Maureen Colomar, has been working as an artist and illustrator since 2014 predominantly working around themes such as minerals and space she is inspired by the landscape of her travels.
“When I go somewhere, when I travel or take a walk, I take pictures I pick up small stones, small objects. It can become the starting point for a project.” – Maureen
Chapter 2 _ ESPACES
_Talking with Maureen Colomar
Il y a quelque temps, j’ai eu l’occasion d’échanger avec Maureen Colomar. J’ai pu découvrir son histoire et comprendre à travers elle son univers créatif.
Découvrir les espaces dans lesquels ont pu évoluer les artistes nous apprendre à appréhender leur travail dans une nouvelle dimension. Celle du temps, de l’espace.
Tout comme on apprend beaucoup des personnes en découvrant comment elles vivent, habitent, on en découvre tout autant en observant leur espace de travail. Petits espaces, grands espaces… L’influence de l’espace sur le travail final est visible dans le travail de Maureen, tout autant dans son histoire que dans son processus créatif. Investir l’espace, forcer le visiteur à la découverte et l’exploration.
Translate from french by @lively_studio_
Can you tell us a little bit about yourself?
“ I come from Reunion Island, I arrived there very young and left when I was 22. I am now 37 years old live in Lyon, France.
My education in banking / insurance has nothing to do with what I do today. I have always had an artistic spirit and the desire to draw since I was a child, yet I never had the opportunity to flourish in it.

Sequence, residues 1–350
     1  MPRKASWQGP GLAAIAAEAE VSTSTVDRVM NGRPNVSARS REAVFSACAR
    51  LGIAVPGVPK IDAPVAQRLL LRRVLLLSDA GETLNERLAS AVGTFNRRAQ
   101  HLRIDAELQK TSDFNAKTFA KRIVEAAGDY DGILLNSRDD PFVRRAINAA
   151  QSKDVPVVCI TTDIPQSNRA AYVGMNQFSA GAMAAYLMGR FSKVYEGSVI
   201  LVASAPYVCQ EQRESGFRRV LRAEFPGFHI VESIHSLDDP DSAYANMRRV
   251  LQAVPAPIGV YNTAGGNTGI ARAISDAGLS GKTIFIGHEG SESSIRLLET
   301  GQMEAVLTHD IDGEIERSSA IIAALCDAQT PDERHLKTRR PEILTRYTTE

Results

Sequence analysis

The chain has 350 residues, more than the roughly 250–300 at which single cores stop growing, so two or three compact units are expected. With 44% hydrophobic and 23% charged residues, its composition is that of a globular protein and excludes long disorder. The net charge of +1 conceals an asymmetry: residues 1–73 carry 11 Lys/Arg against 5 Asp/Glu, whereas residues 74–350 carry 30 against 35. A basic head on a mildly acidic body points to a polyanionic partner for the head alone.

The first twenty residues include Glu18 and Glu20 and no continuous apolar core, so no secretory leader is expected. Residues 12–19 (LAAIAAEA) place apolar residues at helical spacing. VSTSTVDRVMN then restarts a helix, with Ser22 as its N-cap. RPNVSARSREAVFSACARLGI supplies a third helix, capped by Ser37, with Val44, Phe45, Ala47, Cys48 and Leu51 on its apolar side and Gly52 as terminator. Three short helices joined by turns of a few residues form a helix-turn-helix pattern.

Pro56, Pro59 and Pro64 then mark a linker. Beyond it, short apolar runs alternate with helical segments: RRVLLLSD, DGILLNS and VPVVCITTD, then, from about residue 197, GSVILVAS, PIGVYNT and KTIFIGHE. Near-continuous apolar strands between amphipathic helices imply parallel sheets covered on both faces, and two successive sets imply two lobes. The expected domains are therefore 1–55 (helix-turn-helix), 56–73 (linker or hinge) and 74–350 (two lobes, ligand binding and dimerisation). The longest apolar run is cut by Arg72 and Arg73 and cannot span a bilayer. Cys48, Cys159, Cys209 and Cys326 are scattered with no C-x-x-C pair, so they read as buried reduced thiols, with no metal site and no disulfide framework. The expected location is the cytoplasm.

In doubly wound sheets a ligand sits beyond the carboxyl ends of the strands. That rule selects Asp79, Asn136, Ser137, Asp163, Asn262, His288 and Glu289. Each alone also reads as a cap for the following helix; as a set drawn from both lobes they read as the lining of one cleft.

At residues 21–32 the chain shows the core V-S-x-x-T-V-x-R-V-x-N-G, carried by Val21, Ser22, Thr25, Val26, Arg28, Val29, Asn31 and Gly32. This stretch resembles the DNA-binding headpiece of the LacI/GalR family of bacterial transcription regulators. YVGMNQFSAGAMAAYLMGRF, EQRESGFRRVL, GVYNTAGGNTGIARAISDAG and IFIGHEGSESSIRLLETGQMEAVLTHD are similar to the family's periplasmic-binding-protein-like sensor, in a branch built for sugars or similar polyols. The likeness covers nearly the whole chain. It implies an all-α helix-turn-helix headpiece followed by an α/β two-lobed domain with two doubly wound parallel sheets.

Coming back from a trip to the USA, I applied to several schools and was accepted in the fine arts of Besançon” and that’s where my life began.
Let’s say I was born a second time. I spent five absolutely brilliant years with great teachers, an openness to a lot of things and where I experimented a lot in a very broad way by drawing everywhere, on the walls, photocopying … “
Why fine arts more than any other creative path?
“It’s a bit of a coincidence. In junior high I did a private art workshop, where I was surrounded by art books and easels, it smelled like oil painting …
That’s where I said to myself: I feel good and it’s for me.”
How do you invest in a space as small as a sheet of paper or as large as whole wall?
“After a while, I feel stuck by the edges of the paper sheet, and I need the drawing to fly off it.”
“When I work on my projects, I start with small formats. I make lots of them, mix them up … and I create a mise en abîme:
I am creating pieces that will vary in formats so that the viewer understands that this drawing is an enlargement of that one, each drawing leads to another and the format evolves. A bit like ‘Alice in Wonderland’, I try to offer a front door with small formats and the viewer enters, and the more it goes, the more immersed it is.
I like to work with the architecture of a place, for an exhibition.
It’s like a sheet of paper that has no limits.
But there has to be a dialogue between the paper and the wall format.”
How are collaborations created and how do they help you develop?
“I made those collaborations with school friends, we are interested in each other’s work and offer to share an exhibition or a project. Pauline Repussard who first contacted us, does sculpture, Mathieu Brethes makes digital works and I work with drawings.
Those three very different disciplines made it possible to give more meaning to a problem.
We talk about light, space, the landscape in totally different ways and we reflect on the work of one another”
What is the starting point for your projects?
“When I go somewhere, when I travel or take a walk, I take pictures I pick up small stones, small objects. It can become the starting point for a project.
There are always links with what I have seen before, as if there were links between each walk, rocks, colors.”